The other week, I was sitting at home listening to the radio – which, I firmly believe is the best thing one can do to that particular contraption – when an article of news came up, regarding the awarding of the prestigious blue flags to the beaches of Ireland. Now, I had done some serious and detailed research on this subject as a project in National School, and apparently, blue flags are extremely important to beaches. They tend to chatter about little else and get very defensive if they don’t have one. The rumour-mill in the beach world asserts that Bettystown made its own blue flag out of a pole and appropriately coloured paper – a charge that the beach vehemently denies.
However, though I listened with bated earholes, once again Dublin 15 failed to capture a flag of any colour, never mind a blue one.
“Same as last year,” remarked my wife dolefully.
“And the year before,” I replied.
“And the year before.”
It was a conversation that could have gone on for a very long time in a very repetitive manner, had our son, demanding money to go to the 'Plex, not interrupted us.
Over the next couple of days, the disappointment over the flaglessness of Dublin 15 turned first to anger, then to a small pain in my toenail and finally to a determination that something should be done about this lamentable state of affairs. I would contact our newly-elected councillors, distribute leaflets and, if all else failed, chain myself to Brian Lenihan. We could mobilise the troops to march on the County Council Offices, or, if they were shut, we could march on Penney’s. We’d have a sit-down protest with a difference – we’d all stand up. If it’s good enough for Malahide and Killiney, it should be good enough for Blanch. Nothing, nothing would stand in our way of Blue Flag Status.
My first plan of action was to contact those individuals successful in the recent local elections, whose faces beamed down hopefully on us for weeks. I was actually amazed to discover that they have bodies like the rest of us, and not the bottom half of lampposts. Bizarre!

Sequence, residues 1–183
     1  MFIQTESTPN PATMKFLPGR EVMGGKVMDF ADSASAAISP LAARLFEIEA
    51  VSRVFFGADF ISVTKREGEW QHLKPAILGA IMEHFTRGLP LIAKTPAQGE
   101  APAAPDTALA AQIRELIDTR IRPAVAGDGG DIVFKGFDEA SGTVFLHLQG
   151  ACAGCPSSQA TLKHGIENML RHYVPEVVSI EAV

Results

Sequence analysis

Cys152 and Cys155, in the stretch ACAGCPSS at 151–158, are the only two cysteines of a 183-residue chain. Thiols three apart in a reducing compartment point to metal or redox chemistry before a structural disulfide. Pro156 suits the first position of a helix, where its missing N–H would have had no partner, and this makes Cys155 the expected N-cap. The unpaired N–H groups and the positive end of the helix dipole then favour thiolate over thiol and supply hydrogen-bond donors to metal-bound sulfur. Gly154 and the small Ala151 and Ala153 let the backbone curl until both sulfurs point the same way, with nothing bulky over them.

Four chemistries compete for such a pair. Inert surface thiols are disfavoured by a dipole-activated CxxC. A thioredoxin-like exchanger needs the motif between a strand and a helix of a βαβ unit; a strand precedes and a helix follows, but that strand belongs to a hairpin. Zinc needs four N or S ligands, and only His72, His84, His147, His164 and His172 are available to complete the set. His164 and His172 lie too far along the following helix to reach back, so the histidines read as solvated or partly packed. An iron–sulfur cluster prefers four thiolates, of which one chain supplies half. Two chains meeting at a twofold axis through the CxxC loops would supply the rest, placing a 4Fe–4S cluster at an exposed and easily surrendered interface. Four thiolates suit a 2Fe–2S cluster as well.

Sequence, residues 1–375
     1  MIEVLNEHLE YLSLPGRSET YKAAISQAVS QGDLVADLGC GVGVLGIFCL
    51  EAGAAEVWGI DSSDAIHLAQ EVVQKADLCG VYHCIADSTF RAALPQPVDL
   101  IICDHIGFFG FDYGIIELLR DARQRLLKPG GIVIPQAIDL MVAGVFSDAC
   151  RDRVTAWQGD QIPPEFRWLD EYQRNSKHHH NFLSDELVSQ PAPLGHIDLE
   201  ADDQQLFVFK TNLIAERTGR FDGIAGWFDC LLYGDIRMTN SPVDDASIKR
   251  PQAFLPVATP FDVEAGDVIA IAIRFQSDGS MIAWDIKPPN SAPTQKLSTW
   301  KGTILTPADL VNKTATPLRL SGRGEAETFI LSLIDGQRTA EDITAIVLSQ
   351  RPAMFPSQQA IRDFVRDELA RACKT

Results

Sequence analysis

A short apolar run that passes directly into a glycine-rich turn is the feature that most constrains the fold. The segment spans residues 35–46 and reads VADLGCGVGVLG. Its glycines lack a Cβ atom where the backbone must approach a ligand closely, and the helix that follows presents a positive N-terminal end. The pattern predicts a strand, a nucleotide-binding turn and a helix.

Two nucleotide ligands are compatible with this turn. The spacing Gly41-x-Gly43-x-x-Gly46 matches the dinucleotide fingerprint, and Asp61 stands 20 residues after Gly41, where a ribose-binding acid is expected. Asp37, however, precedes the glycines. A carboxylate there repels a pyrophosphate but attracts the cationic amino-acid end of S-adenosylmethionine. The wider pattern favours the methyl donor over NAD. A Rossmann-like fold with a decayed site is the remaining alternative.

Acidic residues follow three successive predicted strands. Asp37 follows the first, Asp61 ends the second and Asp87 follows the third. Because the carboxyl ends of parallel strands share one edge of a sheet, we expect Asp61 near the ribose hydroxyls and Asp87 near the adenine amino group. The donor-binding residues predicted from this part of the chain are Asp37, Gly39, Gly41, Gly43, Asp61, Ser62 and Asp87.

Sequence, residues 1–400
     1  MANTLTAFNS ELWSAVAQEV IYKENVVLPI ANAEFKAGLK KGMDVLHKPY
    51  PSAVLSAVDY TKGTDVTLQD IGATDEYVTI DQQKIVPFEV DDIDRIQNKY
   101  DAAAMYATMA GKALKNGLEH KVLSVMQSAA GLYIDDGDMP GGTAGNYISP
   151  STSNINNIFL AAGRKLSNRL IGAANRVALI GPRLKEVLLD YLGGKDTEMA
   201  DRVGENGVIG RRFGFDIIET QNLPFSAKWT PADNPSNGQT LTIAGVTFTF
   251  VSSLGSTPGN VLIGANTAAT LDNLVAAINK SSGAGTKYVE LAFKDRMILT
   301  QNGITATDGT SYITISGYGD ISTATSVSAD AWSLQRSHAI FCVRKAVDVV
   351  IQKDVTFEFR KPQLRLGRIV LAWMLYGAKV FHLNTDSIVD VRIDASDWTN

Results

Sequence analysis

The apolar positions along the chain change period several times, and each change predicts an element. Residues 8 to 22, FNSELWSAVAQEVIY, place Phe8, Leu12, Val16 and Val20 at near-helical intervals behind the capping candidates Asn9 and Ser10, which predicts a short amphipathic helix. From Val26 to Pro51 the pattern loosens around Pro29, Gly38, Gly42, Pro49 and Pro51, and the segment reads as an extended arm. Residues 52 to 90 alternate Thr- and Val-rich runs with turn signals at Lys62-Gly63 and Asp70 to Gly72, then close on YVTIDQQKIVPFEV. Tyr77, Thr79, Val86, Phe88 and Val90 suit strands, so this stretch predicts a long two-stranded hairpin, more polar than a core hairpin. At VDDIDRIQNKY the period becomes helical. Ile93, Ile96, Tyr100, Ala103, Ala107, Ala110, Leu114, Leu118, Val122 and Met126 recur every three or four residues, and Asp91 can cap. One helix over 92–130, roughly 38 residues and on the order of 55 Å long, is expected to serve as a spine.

I have to say I was extremely disappointed by their response. The dogs in the ever-increasing number of streets are all howling at the moon that housing is just shooting up everywhere, with little or no regard to infrastructure, amenities or facilities. Yet when I approached these civic guardians of our community, they displayed no enthusiasm at all for the campaign. One of them nodded sagely while I explained the situation, before promising that he’d get back to me. Several backed nervously away. One of them assured me that a letter would be winging its merry way to the Minister for Blue Flags in the morning. I knew he was lying by the way he opened his mouth.
Singularly unimpressed, I decided to tackle the County Manager on the subject. He was somewhat taken aback at being accosted in the yogurt aisle in Dunnes, and tried to flee towards the meat and deli, but I took a short cut down the frozen pizza lane and headed him off.
“Look!” he exclaimed tetchily, pinned between my trolley and the fresh fish display. “We’re an inland postal district. We don’t even have a coastline! How do you expect us to get a blue flag when we don’t even have a beach?”